The government does not require any special licensing or employee training. And there is no clear-cut definition of what a "sober home" is, a Suffolk County panel that studied the problem found, with even fewer regulations about how they should operate.
His body had lain on a bathroom floor for six hours until someone called for help, authorities said.
Twomey's mother, Margaret, said what makes his death harder to bear is that he was in a place where he was supposed to be recovering from his addiction.
"I don't think I'll ever accept that," she said, "because this is where he was supposed to be safe. And he wasn't safe here."
Attempts to reach the home's owners were unsuccessful.
Medical and treatment experts say the drug-taking often present at many sober homes undermines earlier treatment received by recovering addicts at hospitals or rehab centers, which can cost $10,000 or more, usually paid by Medicaid or employer benefits.
"It's a real problem because you're spending a lot of money to treat people aggressively and then you're throwing them right back into the environment that, in many cases, served as the impetus to get kids into drugs in the first place," said Dr. Stephen L. Dewey, a neuroscientist at North Shore-Long Island Jewish Health System in Manhasset.
Most sober homes are in poor and minority communities, according to experts and available records, and often landlords house many people in one residence, which enables some owners to bring in more than twice what they paid for the property.
For example, in Shirley, a group of buyers paid $216,000 in 2005 for a single-family house along William Floyd Parkway that soon opened up as a sober home. They collected at least $453,000 in government rent subsidies from 360 residents who lived for a few months in the building from 2008 through last year, according to records.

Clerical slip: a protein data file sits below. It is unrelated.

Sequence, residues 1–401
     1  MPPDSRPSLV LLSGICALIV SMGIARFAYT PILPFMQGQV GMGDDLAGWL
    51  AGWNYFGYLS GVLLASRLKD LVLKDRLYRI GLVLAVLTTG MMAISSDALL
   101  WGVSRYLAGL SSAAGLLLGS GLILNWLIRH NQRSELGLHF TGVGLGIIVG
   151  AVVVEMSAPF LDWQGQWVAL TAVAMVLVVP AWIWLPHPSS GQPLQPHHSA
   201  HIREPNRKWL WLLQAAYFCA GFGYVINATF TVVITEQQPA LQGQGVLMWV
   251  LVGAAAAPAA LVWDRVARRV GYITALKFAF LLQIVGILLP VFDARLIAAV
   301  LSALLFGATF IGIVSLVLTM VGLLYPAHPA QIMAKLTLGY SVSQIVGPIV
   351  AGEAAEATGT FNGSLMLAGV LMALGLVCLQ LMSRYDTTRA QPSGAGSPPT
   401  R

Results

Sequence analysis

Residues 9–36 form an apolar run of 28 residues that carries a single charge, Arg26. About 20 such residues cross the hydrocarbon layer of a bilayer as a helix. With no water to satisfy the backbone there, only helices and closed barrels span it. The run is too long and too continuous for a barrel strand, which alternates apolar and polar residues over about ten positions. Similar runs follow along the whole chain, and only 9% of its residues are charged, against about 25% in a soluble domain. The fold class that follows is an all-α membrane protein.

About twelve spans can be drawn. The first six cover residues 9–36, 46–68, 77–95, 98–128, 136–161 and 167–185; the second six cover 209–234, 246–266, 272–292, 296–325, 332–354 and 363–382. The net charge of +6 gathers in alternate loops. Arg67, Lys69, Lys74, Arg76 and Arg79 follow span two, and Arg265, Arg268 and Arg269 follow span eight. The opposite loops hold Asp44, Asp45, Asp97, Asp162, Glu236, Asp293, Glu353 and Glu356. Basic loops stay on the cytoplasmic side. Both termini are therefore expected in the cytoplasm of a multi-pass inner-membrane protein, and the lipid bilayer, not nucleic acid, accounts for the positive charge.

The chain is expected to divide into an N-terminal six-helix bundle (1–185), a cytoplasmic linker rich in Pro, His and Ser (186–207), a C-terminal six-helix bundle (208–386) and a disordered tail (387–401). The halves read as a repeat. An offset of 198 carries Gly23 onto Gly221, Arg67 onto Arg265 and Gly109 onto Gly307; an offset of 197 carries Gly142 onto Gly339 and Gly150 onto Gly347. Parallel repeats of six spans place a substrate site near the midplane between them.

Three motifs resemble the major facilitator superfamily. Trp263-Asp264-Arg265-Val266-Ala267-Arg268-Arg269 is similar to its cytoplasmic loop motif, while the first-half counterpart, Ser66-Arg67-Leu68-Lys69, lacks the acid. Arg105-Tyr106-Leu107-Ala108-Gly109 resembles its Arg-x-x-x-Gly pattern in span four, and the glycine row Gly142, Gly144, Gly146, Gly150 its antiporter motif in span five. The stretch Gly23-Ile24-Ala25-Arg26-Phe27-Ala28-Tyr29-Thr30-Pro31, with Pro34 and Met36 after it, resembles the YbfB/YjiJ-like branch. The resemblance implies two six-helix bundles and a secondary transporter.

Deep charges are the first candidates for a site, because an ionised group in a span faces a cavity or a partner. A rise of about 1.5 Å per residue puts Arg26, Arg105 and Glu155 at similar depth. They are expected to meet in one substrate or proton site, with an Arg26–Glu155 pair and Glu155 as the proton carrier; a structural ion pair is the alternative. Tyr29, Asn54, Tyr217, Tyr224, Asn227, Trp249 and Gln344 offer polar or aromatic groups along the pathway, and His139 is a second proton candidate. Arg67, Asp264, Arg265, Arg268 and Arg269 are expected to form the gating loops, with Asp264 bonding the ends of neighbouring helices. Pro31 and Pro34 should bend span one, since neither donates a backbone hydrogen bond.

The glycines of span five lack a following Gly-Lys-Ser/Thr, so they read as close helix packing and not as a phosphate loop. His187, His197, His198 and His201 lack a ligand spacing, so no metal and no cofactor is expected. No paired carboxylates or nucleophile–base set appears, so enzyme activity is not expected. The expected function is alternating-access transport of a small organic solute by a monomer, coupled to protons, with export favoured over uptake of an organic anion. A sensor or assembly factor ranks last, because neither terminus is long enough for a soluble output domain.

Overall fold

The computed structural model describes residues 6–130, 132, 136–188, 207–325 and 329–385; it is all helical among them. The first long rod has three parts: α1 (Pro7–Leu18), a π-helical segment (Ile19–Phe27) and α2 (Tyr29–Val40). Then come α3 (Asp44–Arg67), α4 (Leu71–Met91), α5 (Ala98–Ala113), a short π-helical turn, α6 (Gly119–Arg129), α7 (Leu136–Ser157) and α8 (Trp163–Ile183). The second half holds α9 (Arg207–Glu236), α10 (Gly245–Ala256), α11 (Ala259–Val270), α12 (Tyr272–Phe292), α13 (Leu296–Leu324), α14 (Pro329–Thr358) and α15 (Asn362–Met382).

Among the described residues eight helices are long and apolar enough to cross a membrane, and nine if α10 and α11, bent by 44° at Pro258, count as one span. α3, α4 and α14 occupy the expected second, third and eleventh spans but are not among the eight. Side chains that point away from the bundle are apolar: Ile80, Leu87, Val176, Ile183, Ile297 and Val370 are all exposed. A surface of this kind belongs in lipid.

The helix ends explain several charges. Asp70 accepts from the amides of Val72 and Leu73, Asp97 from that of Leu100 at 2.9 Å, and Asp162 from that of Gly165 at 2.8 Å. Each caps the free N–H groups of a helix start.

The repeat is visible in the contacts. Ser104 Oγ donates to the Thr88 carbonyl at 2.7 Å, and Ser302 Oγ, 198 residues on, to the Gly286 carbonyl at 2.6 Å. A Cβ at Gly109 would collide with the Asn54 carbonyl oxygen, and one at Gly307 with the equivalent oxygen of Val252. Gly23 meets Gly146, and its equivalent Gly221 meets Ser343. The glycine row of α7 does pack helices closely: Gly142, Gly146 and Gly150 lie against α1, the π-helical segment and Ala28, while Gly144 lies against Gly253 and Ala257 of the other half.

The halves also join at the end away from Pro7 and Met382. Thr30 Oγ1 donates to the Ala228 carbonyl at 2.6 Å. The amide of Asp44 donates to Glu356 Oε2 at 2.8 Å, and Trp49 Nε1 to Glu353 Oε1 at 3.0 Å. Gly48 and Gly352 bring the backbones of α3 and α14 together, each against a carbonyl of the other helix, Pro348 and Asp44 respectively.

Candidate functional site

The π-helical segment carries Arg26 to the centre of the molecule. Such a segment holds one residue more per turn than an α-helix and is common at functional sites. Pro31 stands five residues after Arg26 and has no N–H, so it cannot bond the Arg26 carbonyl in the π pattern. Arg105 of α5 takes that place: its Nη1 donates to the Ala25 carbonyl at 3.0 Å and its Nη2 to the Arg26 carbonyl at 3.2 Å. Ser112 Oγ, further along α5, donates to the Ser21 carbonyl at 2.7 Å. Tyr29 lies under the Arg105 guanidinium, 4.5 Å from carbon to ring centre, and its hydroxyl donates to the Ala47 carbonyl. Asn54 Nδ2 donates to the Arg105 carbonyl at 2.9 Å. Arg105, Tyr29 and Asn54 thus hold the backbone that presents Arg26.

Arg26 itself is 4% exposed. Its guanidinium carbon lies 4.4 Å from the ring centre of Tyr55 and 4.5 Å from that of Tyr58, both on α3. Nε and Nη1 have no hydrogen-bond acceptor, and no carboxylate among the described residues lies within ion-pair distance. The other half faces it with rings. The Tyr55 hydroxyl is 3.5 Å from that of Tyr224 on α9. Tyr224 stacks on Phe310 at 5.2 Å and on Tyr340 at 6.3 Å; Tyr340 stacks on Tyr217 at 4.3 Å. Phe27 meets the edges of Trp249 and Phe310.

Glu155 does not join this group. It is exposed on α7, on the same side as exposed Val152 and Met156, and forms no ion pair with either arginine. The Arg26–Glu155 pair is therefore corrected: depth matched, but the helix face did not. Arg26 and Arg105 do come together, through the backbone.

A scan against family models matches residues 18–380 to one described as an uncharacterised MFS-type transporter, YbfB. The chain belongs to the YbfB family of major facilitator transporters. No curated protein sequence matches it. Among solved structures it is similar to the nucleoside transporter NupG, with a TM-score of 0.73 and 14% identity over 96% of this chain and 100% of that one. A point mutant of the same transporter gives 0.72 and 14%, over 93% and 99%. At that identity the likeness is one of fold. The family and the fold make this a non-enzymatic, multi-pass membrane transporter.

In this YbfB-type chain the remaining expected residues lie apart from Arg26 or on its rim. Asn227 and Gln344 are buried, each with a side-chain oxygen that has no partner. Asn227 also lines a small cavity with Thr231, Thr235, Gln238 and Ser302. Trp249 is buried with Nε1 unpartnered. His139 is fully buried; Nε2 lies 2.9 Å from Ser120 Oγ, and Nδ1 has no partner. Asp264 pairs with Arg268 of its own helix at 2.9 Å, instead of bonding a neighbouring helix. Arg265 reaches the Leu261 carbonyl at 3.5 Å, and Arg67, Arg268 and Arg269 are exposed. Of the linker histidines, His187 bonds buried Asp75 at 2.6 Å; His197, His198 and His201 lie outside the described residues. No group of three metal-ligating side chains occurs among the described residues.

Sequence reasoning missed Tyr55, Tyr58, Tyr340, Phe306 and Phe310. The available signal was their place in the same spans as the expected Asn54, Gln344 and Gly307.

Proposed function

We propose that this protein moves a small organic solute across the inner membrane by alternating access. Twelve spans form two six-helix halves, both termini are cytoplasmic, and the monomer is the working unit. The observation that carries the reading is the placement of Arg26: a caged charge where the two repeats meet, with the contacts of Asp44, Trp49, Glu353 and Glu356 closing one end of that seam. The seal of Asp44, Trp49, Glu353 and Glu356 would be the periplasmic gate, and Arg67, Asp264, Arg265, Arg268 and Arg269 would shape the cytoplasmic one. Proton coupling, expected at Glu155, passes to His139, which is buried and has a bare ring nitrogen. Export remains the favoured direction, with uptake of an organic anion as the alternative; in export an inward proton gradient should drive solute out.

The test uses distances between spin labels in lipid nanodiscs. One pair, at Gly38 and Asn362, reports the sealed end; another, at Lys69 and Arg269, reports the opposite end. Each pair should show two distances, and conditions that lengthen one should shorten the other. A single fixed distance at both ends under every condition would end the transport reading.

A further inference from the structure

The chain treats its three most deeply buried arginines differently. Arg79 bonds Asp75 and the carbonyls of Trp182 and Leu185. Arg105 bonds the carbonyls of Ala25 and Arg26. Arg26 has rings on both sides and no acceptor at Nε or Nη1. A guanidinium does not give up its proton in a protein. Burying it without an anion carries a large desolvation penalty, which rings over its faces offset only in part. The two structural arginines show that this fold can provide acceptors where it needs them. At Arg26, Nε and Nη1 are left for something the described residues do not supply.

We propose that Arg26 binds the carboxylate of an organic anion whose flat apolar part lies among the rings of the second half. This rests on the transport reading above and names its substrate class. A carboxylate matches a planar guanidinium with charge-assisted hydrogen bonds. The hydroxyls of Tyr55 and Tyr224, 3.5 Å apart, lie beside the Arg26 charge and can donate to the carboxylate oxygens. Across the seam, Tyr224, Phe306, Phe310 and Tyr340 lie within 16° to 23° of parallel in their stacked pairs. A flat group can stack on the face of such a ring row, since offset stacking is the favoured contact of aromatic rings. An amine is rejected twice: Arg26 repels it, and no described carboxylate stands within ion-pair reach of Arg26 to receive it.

Adrian Thomas, a co-owner and manager of that house and others in the surrounding area, readily acknowledges collecting more than $450,000 in public money for room and board during this span. He declined to detail his expenses.
"Some folks are pointing at the bottom line and they're saying, 'Wow, that's a large number of folks' and looking at the dollars," he said. "As an entrepreneur, what that means is that there are 360 lives that we've helped."
Suffolk Legis. Kate M. Browning (WF-Shirley) says there are more than a dozen sober homes like Thomas' in her Brookhaven district. "He's just recruiting these people, bringing them in, and he's making a fortune," said Browning, standing outside another nearby sober home run by Thomas in her district.